Local Cure for Poverty Elusive After 10 Years

Three hundred km from Phnom Penh in Preah Vihear’s Romtom commune, doing the people’s business is a modest affair: commune officials write down community data by hand on creased notepads and often work half days.

Nevertheless, 83-year-old Romtom commune chief Lun Chea is by law responsible for improving local living standards, managing public services and listening to the complaints and views of commune residents.

His existence is a far stretch from what the government envisages for such low-level officials in the future.

Since 2001, the devolution of responsibilities from central government to local officials has been Cambodia’s official policy.

And on Monday, the government launched the 10-year National Program for Sub-National Democratic Development, to strengthen institutions at all levels, transferring power from well-groomed officials in Phnom Penh to more outlying areas of the country.

The program also outlines plans to appoint new staff members equipped with skills in accounting and project management. The idea is to make sure money in the countryside is spent with more direction and is also rendered more accountable to local citizens.

But experts say the strategy announced Monday, though necessary, will be difficult and slow to implement and that current spending patterns are too heavily focused outside of social services, which is not getting the job done.

“If we look at government policies regarding investment in the rural areas its not producing the deserved effects,” said Rezaul Karim, an advisor for the National Committee for Sub-National Democratic Development, pointing toward health care, education and basic local services.

“That’s where the money should go,” he said.

Indeed, the International Monetary Fund announced on several occasions last year that government spending during the economic downturn had been too focused on military and civil service wages and not enough on health and education.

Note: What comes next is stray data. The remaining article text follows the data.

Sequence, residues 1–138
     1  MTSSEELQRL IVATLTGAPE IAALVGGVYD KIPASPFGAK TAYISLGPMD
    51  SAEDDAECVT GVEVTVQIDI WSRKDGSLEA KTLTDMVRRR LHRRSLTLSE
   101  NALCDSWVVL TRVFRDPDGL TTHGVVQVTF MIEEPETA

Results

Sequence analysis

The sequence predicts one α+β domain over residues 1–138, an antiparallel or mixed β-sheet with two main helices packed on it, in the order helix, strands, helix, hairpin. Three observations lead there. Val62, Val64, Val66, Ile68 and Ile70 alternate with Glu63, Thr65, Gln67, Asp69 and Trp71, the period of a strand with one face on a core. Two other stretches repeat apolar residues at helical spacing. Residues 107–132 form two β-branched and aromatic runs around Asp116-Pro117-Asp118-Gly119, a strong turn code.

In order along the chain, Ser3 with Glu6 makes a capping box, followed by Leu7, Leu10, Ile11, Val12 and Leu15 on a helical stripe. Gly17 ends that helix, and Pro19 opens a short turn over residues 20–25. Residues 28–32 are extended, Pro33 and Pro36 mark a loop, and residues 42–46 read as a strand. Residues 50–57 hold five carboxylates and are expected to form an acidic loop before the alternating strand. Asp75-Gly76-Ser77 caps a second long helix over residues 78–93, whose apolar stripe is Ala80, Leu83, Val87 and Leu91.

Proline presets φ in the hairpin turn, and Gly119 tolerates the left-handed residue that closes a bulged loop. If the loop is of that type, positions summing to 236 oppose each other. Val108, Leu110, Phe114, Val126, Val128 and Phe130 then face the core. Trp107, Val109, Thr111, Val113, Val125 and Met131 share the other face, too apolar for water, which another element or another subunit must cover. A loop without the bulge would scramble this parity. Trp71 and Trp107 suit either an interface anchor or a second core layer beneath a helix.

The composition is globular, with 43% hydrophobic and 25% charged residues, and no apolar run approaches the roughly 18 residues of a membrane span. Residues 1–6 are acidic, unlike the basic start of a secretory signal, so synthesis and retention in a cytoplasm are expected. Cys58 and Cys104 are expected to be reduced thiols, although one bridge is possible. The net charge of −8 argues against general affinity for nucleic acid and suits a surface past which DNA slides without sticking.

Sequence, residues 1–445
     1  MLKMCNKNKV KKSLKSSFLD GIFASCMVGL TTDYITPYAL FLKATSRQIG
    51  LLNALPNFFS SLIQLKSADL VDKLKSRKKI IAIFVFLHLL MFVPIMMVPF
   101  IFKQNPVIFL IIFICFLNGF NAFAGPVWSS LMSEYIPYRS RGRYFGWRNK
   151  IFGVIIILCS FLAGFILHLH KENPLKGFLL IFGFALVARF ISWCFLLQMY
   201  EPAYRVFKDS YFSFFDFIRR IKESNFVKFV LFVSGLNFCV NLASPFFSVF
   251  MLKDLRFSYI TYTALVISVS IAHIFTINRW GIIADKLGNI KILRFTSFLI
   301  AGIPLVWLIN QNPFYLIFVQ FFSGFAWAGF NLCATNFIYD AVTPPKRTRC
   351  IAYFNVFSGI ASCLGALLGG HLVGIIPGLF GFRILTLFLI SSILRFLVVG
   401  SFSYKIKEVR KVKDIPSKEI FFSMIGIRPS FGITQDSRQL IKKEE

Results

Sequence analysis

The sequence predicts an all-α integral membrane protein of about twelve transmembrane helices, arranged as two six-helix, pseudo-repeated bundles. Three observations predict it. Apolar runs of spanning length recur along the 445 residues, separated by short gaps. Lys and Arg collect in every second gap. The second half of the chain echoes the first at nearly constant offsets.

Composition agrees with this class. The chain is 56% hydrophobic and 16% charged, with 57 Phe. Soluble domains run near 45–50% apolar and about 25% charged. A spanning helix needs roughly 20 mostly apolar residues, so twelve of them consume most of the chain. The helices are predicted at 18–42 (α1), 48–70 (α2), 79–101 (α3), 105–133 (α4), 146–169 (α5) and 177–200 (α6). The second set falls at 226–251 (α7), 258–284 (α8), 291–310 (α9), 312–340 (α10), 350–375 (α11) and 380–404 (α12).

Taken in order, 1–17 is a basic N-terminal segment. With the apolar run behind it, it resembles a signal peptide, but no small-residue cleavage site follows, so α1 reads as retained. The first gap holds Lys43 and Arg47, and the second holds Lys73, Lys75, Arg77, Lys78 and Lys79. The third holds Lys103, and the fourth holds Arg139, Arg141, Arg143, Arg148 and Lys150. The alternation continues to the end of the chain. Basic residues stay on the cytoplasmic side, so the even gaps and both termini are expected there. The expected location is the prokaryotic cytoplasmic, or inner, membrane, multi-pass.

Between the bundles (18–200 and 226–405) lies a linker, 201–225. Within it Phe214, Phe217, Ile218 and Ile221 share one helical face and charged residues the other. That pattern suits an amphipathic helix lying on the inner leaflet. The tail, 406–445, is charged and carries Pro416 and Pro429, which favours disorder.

Prime Minister Hun Sen said during Monday’s launching of the program that the government would temporarily stop recruiting more civil servants in sectors other than health and education.

Mr Karim said that continuing to put money into nationalized programs and promoting large-scale, rather than more localized investment suited to community needs would undoubtedly result in rising inequality.

“There is certainly a danger [of rising inequality] unless the government can re-orientate its polices,” he said. “A lot of things are being done but not in an intensive, not in a coordinated way.”

The amount of money going toward communes for schools, health, clean water programs and basic infrastructure–all matters that make up targets outlined in the UN’s millennium development goals–is very small, Mr Rezaul said. Commune councils, which have a mandate to carry out local planning, only receive 2.5 percent of the national budget, or about $15,000 a year, he said.

Still, experts say that providing the local authorities with more power, and more money will take time to become effective as local authorities have yet to identify priorities.

“I think before we add more water we should fix the bucket,” said Chan Sophal, president of the Cambodian Economic Association. “Indeed, the more direct channeling of resources to local levels the better.”

Mr Sophal said the government should simultaneously adopt a strategy of prioritizing local spending on a smaller scale level with bigger investment projects with the potential of adding to Cambodia’s economic growth.

“There is always a limitation to what villagers can do,” he said.

There is also a cultural element inhibiting the success of decentralizing Cambodia: government ministries often do not want to delegate power elsewhere and feel threatened by radical political reform, analysts say.

Phay Siphan, spokesman for the Council of Ministers, said the government was committed to decentralization, even if the idea took some getting accustomed to.

“Decentralization is a new concept,” he said. “First we need to change the mindset of the people to better serve the people.”

But opposition SRP lawmaker Son Chhay said that the argument that granting more power to commune officials is part of the democratic process in Cambodia is flawed.

“The power is very much controlled by the party even though we have commune councils,” he said. “They do not have the ability to act independently.”

CPP lawmaker Cheam Yeap, chairman of the National Assembly’s finance and banking commission, said that more funds allocated to commune councils must go hand in hand with better controls and transparency of government spending.

“There is no point in using the money to build a university in a commune that no one is interested in studying at,” he said.

For the moment, however, the resources available to commune officials are limited resulting in a lack of direction when it comes to local development.

“We need more human resources to help us out in providing theory and practical knowledge,” said Romchek commune chief Hem Ing in Kompong Cham province.

He said that his commune had received about $2000 so far this year and that the amount of money allocated to his commune depends on the development needs for the area expressed by local officials.

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